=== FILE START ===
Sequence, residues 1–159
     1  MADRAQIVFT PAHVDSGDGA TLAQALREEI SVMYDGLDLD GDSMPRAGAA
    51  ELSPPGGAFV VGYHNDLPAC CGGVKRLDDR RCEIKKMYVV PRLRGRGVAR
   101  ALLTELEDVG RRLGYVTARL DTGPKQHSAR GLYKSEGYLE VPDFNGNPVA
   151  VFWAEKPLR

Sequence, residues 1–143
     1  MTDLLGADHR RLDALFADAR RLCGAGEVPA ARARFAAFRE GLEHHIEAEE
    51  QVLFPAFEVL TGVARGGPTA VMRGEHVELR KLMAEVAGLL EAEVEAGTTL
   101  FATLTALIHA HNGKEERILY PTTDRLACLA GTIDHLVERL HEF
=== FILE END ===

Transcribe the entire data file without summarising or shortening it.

Sequence, residues 1–159
     1  MADRAQIVFT PAHVDSGDGA TLAQALREEI SVMYDGLDLD GDSMPRAGAA
    51  ELSPPGGAFV VGYHNDLPAC CGGVKRLDDR RCEIKKMYVV PRLRGRGVAR
   101  ALLTELEDVG RRLGYVTARL DTGPKQHSAR GLYKSEGYLE VPDFNGNPVA
   151  VFWAEKPLR

Sequence, residues 1–143
     1  MTDLLGADHR RLDALFADAR RLCGAGEVPA ARARFAAFRE GLEHHIEAEE
    51  QVLFPAFEVL TGVARGGPTA VMRGEHVELR KLMAEVAGLL EAEVEAGTTL
   101  FATLTALIHA HNGKEERILY PTTDRLACLA GTIDHLVERL HEF